The Association of Directors of Children’s Services has named Alan Wood, Hackney’s director of children’s services, as its new president.
Wood takes over the role from Andrew Webb, the corporate director for services to people at Stockport Council.
“The challenges facing children’s services are as great as they ever have been,” said Wood of his appointment.
“Local authorities face unenviable choices about how best to maintain vital services and support for children, young people and families with less and less money and staff to do so.
“Despite very difficult economic challenges, we continue to see excellent practice throughout our services that not only safeguard and protect our children but also improve their life chances.
“Our task, as leaders, is to ensure this excellent practice characterises children’s services consistently on a national basis.
“As the pace of reform continues unbated, the role of directors of children’s services in bringing together a coherent vision at local and national level becomes increasingly important.”
As a result of the move Alison O’Sullivan, director of children and adults at Kirklees Council, replaces Wood as vice-president of the association.
“I look forward to supporting Alan in his role as president of the association in what will undoubtedly be another year during which the pressures on children’s services will increase,” she said.
“I have no doubt that local government can rise to the challenges that will be laid at our collective doors.”
Profile: Alan Wood
Alan Wood grew up in London’s east end and started his career in children’s services as a history teacher working in London.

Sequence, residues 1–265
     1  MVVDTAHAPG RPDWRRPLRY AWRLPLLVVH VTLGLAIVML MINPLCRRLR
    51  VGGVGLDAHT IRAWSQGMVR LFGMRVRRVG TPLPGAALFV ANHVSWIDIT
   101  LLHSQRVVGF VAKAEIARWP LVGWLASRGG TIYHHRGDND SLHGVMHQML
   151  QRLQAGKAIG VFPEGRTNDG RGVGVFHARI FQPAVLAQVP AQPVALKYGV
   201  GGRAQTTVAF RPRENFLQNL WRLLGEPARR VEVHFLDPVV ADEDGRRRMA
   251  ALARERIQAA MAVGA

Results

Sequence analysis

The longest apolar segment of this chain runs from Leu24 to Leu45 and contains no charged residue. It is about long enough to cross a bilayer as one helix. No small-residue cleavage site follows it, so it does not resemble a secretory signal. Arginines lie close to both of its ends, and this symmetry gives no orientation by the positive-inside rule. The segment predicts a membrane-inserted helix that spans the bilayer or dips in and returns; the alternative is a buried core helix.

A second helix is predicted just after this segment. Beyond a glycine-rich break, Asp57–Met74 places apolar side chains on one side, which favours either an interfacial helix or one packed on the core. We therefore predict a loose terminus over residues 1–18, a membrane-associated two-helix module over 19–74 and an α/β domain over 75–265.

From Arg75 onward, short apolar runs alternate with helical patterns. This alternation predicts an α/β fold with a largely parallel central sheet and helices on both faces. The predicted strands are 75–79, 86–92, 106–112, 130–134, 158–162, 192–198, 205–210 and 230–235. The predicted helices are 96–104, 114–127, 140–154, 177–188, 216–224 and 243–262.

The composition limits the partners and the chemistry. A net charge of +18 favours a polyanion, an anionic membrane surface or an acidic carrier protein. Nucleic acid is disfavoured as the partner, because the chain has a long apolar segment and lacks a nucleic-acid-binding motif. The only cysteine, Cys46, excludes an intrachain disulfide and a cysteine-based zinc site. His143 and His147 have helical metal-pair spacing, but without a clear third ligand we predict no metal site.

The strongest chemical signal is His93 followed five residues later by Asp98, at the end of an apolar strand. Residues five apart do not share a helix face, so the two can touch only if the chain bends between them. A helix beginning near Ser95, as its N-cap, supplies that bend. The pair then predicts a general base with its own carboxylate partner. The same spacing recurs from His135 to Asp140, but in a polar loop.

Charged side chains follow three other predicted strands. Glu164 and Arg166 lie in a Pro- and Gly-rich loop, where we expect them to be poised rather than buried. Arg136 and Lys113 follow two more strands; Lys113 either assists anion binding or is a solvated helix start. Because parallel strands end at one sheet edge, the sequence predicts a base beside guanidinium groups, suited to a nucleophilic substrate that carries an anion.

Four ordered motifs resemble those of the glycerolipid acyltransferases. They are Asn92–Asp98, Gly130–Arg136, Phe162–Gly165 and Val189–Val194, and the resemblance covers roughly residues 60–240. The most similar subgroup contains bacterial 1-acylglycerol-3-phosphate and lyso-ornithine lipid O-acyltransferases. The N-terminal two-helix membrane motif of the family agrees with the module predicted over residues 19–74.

When the Learning Trust, the not-for-profit company tasked with improving schools in Hackney, was created in 2002 he was made its chief executive. The trust has been widely credited with transforming the quality of education in the London borough.
In January 2006 Wood was appointed director of children’s services in Hackney.
Under his watch, the London borough created the ‘Hackney model’ of children’s social work where cases are allocated to units of staff rather than individual workers.
In 2013 he was part of the review that recommended the creation of an independent trust to oversee children’s services in Doncaster. As a result of this work he now oversees the Yorkshire authority’s improvement work as its commissioner for children’s social care.
Wood also played a central role in the review of children’s social care in Birmingham, which was published last month.
He is now involved in the government’s improvement capacity review, which is charged with devising options for how the Department for Education could intervene when children’s social services at a local authority are deemed inadequate by Ofsted.